Clearly new approaches are underway. As a writer for Independent School Magazine noted: “…Most independent schools have been playing defense, hoping more or less to preserve their traditions while appeasing families with a nod toward change. But there are also some courageously inventive schools rapidly breaking ground on a very different system of learning. The latter are proactive, offensive-minded – focusing on strategic thinking that leverages creative, novel, and even quirky ideas that restrengthen the alignment of their core learning values with evolving consumer demands.”
Our experience is that many independent schools are indeed thinking differently and are engaging professional strategic counsel to facilitate this work and apply best practice models and rigorous processes. The involvement and perspectives of students, parents, alumni and boards are extraordinary assets for these schools; as we have observed, their partnership with administrators and faculty unleashes high levels of energy, commitment and expertise. Participation is more personal and ground-level, and their collective engagement also builds community, momentum and buy-in.
In an environment of increased competition and changing expectations of parents and students, these planning activities are resulting in customized and well-defined value propositions, frameworks for “schools of the future,” diversified revenue streams and much more. They are developing these plans in an atmosphere of transparency and broad community engagement, as illustrated by the website for Goals for St. Mark’s IV strategic planning project at St. Mark’s School of Texas in Dallas.
And, when completed, these plans are designed to be adaptive. “While acknowledging that all plans are evolutionary, this plan will help prepare us for the opportunities that inevitably await…We are excited by the possibilities of Loyola School’s Ignatian, global, and technologically advanced future,” wrote Tony Oroszlany, president of Loyola School in Manhattan’s Upper East Side, in a preface to the school’s new strategic plan, Inspiring Greater Glory.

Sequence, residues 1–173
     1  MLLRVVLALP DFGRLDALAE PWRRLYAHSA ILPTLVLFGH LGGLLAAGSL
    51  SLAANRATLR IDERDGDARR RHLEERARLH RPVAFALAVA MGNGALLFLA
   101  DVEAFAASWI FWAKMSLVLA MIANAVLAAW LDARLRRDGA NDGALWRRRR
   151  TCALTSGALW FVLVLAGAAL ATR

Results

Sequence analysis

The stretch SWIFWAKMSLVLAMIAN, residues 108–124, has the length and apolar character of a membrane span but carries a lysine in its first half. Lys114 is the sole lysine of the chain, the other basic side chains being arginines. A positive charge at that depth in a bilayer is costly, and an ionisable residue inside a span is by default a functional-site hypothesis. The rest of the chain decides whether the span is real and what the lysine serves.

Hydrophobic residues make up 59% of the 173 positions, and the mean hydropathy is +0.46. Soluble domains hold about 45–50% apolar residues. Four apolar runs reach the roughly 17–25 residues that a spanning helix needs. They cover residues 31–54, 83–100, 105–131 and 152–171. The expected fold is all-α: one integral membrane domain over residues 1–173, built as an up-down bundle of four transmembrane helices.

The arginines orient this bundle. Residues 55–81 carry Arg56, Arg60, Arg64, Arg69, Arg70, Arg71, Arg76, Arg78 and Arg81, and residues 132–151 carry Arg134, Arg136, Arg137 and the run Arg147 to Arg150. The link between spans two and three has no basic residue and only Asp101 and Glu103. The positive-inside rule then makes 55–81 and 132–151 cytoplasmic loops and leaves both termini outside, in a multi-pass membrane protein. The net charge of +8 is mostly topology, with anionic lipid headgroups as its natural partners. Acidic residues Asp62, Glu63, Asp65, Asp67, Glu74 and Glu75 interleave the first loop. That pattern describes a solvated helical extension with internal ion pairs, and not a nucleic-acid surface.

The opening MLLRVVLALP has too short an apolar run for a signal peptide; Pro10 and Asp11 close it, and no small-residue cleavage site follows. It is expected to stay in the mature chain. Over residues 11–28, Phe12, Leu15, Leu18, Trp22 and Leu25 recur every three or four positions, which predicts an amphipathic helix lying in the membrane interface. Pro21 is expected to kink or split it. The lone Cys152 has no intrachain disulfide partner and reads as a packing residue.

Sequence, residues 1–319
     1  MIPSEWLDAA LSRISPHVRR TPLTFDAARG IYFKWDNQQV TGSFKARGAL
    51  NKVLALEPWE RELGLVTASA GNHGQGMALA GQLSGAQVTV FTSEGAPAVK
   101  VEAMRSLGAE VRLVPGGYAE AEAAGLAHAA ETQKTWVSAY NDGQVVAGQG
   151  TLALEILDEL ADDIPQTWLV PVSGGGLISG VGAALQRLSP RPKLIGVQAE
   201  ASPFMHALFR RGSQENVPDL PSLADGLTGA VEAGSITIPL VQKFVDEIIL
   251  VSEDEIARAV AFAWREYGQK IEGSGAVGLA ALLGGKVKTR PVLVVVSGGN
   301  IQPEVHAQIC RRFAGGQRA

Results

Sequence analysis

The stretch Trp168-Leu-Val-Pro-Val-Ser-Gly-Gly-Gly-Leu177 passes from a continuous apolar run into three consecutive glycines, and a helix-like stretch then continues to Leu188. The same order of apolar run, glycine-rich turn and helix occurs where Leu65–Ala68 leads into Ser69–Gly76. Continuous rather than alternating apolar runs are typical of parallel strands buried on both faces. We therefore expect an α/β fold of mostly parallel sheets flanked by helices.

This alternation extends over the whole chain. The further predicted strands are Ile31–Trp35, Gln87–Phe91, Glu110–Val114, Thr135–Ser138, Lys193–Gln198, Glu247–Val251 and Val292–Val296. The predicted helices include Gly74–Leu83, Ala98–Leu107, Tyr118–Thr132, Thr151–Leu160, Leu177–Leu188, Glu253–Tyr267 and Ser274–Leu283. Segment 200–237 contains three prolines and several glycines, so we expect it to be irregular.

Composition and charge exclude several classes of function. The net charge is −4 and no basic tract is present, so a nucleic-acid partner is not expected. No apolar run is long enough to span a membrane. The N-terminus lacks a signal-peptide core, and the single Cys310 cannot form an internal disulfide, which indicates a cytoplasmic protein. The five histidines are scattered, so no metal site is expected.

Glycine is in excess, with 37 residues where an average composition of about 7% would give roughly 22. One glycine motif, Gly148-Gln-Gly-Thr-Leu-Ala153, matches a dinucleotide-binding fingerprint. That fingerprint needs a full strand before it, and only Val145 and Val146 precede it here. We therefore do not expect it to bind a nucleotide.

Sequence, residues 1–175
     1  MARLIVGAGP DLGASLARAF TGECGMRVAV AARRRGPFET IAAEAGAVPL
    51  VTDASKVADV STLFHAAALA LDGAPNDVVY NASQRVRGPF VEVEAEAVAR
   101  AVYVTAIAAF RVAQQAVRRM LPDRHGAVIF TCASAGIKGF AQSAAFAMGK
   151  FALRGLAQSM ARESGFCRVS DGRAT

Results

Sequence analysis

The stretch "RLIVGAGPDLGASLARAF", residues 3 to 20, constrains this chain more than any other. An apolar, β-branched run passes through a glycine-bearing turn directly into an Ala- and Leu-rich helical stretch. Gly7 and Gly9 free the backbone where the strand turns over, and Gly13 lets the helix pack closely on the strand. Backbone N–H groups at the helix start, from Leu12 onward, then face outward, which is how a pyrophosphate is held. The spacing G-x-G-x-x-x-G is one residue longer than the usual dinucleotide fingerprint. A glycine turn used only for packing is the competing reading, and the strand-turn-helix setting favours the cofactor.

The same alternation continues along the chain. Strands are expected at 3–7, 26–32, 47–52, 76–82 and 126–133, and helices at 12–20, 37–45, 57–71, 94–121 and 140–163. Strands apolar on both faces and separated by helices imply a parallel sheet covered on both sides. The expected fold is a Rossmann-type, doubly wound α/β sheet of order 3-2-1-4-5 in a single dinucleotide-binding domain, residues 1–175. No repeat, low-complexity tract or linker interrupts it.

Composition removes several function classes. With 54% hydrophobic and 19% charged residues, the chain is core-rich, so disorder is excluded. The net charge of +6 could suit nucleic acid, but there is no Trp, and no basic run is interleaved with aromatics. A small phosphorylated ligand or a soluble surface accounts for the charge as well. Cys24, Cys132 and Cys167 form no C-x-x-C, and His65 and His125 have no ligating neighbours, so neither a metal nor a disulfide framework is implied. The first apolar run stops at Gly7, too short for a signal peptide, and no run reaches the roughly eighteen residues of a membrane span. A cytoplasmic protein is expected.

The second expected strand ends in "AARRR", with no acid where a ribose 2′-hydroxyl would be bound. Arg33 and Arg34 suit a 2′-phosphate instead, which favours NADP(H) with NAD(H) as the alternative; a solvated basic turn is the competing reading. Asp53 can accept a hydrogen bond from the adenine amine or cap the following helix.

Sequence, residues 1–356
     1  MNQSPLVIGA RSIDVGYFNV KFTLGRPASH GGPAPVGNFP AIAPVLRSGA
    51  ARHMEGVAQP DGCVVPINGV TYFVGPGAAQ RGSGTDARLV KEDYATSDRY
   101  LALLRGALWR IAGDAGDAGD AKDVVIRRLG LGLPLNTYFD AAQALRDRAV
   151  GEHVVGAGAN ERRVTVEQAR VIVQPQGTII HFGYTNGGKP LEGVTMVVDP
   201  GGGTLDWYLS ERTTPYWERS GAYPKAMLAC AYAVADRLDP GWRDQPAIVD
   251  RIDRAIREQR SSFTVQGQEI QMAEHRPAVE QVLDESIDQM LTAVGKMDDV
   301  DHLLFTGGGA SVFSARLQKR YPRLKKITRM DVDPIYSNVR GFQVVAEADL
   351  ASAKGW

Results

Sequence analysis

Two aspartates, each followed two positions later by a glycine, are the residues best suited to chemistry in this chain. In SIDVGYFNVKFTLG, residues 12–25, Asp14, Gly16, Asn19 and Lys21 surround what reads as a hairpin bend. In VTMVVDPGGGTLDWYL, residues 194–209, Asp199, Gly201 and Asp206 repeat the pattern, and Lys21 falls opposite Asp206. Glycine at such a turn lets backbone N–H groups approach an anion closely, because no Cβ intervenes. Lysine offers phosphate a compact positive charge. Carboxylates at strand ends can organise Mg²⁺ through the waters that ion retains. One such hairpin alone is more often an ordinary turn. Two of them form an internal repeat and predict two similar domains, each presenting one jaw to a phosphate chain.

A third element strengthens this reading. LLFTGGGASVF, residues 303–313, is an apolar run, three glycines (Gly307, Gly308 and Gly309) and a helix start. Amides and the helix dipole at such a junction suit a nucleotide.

In these and other planning exercises, independent schools are coalescing discussions around current and emerging realities, such as:
- Global citizenship: Research suggests that once-comfortable 20th century models must give way to different needs in the 21st century, or schools will become irrelevant. That means strengthening so-called “soft skills” (clearly a misnomer today), such as collaboration within teams and networks, critical thinking and adaptable problem solving and the ability to assess and analyze information. Students have new mindsets about technology and use it differently to learn and communicate, so expertise with technology is not a luxury but a necessity. That’s expensive and it requires retooling of classrooms, re-educating teachers and developing new ways of teaching and learning.
- Character education: While character education has enjoyed a resurgence since the late 1990s, even in public schools, independent schools typically have led the way because of closer partnerships between families and schools, more consistency around shared values and greater flexibility to operate without political and legislative controversies over definitions, standards, assessments and policies. Gallup Polls have shown that over 90 percent of American adults support character education’s key tenets – qualities such as justice, diligence, compassion, respect and courage.